5. Mayberry contends that the State withheld exculpatory evidence that it introduced at the sentencing hearing, which prevented him from having a fair trial. He further argues that even if the State was unaware of this evidence at trial, it should qualify as newly discovered evidence necessitating a new trial under the factors set out in Timberlake v. State, 246 Ga. 488, 491(1), 271 S.E.2d 792 (1980).
At sentencing, the prosecutor read a victim impact statement in which the victim said that after the incident, she had to go to a specialist for rectal bleeding. She explained, “After numerous doctor's visits, they determined that I had low platelets causing me to bruise easily, fatigue and heavy nosebleeds from stress.” Mayberry argues that if the jurors had been aware of the victim's medical condition, it may have impacted the verdict.
But Mayberry fails to establish that the State was aware of the victim's medical condition and withheld it from him. The prosecutor represented that she first became aware of this information on the morning of the sentencing hearing when she received the victim's statement. This is supported by the victim's statement that she was not diagnosed with “low platelets” until after the incident. Moreover, because we agree with the trial court that Mayberry cannot establish the required factors under Timberlake, he is not entitled to a new trial on this ground.
6. Mayberry also argues that the trial court erred in sentencing him for both aggravated assault and kidnapping with bodily injury as the two crimes merged. The indictment alleged kidnapping with bodily injury (OCGA § 16-5-40) “in that the accused ․ did ․ unlawfully abduct [the victim] ․ hold [her] against her will, and said person did receive bodily injury, to wit: bruising about the face and neck․” The indictment alleged aggravated assault (OCGA § 16-5-21) in that the accused “did ․ unlawfully make an assault upon [the victim] with an object, to wit: his hands ․ by choking said victim․” Mayberry asserts that both crimes relied upon proof that he choked the victim and this one action could not support both crimes. He notes that while the victim testified that he choked her, she did not testify at trial that he struck her in the face.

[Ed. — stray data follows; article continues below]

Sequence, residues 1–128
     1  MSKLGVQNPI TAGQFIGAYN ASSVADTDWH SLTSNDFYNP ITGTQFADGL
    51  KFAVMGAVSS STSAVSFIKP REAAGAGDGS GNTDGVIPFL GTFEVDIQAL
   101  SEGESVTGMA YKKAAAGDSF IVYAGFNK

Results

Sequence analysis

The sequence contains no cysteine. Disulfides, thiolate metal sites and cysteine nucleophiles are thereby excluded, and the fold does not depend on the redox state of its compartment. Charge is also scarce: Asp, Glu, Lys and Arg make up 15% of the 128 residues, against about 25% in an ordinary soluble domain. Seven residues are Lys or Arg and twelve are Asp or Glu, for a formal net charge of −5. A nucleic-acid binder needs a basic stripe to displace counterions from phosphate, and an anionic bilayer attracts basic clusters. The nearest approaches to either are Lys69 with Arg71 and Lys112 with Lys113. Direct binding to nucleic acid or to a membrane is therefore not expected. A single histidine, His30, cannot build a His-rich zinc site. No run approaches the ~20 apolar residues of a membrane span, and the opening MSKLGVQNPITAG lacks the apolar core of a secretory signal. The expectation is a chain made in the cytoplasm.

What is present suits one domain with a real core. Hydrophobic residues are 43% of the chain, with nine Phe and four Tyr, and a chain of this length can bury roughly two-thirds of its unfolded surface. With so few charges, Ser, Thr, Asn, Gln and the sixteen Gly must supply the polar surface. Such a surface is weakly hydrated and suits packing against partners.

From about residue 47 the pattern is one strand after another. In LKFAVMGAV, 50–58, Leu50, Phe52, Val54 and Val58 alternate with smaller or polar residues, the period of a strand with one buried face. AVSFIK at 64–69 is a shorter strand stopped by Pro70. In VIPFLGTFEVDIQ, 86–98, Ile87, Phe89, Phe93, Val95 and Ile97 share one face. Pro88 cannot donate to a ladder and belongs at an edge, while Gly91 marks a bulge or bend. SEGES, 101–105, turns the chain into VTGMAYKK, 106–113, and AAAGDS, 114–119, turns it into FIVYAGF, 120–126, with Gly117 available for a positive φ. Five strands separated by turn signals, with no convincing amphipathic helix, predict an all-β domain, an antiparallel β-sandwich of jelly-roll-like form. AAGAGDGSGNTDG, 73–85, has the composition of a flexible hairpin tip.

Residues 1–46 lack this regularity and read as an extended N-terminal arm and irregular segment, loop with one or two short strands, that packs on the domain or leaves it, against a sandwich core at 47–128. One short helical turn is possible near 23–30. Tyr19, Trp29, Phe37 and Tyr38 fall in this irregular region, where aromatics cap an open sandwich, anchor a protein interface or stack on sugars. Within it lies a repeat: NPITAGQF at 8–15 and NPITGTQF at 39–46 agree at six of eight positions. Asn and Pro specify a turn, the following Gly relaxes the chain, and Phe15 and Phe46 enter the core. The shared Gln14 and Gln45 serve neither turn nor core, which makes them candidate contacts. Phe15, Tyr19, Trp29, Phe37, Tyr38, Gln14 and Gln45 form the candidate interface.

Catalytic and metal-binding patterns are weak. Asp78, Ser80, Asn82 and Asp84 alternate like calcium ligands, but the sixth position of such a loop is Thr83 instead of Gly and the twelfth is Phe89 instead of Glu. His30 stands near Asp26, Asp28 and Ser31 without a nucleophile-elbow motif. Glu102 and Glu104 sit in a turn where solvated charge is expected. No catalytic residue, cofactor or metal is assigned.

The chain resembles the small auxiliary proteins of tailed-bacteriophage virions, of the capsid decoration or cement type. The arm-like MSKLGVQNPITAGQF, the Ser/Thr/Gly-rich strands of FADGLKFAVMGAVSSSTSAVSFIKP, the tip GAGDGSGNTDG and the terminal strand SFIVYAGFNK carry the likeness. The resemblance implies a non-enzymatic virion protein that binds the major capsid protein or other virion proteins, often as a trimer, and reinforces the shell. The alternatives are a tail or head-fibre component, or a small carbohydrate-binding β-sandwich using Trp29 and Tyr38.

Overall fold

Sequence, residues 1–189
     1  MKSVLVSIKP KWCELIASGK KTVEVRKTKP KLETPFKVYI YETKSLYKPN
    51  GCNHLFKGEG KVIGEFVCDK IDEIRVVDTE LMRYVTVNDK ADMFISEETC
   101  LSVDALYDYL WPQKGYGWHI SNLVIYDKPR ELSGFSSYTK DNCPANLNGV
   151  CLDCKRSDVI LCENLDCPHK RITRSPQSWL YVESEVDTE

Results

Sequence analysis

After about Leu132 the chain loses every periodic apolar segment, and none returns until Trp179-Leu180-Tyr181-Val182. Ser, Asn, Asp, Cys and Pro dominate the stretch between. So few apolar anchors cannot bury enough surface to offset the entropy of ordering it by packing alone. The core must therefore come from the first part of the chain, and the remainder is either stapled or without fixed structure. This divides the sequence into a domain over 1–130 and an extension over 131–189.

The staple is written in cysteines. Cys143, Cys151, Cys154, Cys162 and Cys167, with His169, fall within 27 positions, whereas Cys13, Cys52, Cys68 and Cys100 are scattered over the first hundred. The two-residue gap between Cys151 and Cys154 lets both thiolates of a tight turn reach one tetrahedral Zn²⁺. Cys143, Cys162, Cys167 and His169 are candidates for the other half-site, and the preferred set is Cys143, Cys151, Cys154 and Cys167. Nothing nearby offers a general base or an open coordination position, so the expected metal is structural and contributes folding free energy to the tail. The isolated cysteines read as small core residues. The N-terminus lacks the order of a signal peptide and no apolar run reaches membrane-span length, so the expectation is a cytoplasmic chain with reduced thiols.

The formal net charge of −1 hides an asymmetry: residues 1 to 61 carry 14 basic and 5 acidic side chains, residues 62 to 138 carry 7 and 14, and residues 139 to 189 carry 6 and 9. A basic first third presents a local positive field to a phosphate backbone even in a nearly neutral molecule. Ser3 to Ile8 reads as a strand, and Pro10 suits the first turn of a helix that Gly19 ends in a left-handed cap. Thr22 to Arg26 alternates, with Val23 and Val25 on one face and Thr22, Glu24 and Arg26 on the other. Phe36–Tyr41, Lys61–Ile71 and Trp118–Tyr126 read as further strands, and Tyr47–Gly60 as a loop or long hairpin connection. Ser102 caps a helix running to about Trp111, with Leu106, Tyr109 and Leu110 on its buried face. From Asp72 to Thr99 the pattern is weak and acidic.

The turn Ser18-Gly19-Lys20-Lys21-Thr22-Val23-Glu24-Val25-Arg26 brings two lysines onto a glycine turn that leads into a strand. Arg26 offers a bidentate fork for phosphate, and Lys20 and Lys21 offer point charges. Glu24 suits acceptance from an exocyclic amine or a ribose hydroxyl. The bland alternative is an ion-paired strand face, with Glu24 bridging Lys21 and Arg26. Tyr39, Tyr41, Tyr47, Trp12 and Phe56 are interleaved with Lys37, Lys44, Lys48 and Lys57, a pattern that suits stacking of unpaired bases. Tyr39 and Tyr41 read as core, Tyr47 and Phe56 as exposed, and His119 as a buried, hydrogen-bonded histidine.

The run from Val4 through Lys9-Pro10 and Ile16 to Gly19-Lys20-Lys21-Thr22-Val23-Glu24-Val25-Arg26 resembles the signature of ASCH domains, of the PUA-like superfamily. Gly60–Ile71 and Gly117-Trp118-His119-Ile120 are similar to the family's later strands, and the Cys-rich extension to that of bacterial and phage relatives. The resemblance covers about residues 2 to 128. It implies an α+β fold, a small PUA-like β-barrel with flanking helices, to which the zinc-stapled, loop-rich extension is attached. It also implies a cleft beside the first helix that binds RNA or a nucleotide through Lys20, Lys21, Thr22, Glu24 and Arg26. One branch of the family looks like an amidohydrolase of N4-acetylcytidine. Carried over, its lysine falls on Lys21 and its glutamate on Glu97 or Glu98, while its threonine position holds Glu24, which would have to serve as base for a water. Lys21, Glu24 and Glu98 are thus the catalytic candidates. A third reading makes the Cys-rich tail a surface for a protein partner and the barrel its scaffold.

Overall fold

“[K]idnapping with bodily injury only requires that an injury, no matter how slight, occur during the kidnapping.” (Citation and punctuation omitted.) Phillips v. State, 284 Ga.App. 683, 685(1)(b), 644 S.E.2d 535 (2007). Even though the victim did not testify at trial that the victim struck her, there was at least some evidence to support such a conclusion. The E.R. doctor testified that when he noticed bruising on the victim's face, he “vaguely” recalled her saying that she may have been struck in the eye or struck below the eye, but he did not write it down. And the evidence at trial showed that she had bruising not just on her neck, but also on her face. This evidence was sufficient to support the charge of kidnapping, apart from the evidence of choking. Id. See also Stubbs v. State, 220 Ga.App. 106, 108(2), 469 S.E.2d 229 (1996) (defendant guilty of kidnapping with bodily injury even where he did not intend and did not directly inflict injury).
But even if both charges relied upon evidence of choking, they are not subject to merger if each of the offenses requires proof of an additional fact which the other does not. See Drinkard v. Walker, 281 Ga. 211, 214-217, 636 S.E.2d 530 (2006) (adopting the “required evidence” test for determining when one crime is included in another under OCGA § 16-1-6(1), and overruling cases inconsistent with that test). Kidnapping required proof of asportation, holding the victim against her will, and bodily injury, which was not required to prove aggravated assault. Aggravated assault as charged in this case required proof that the victim used his hands, with either the intent to cause a violent injury or which placed the victim in reasonable fear of receiving a violent injury. The kidnapping charge did not require such proof. Because each of the two crimes at issue requires proof of at least one fact which the other does not and the State provided such proof, the crimes do not merge, and the trial court correctly sentenced Mayberry for both offenses.
BLACKBURN, P.J., and DOYLE, J., concur.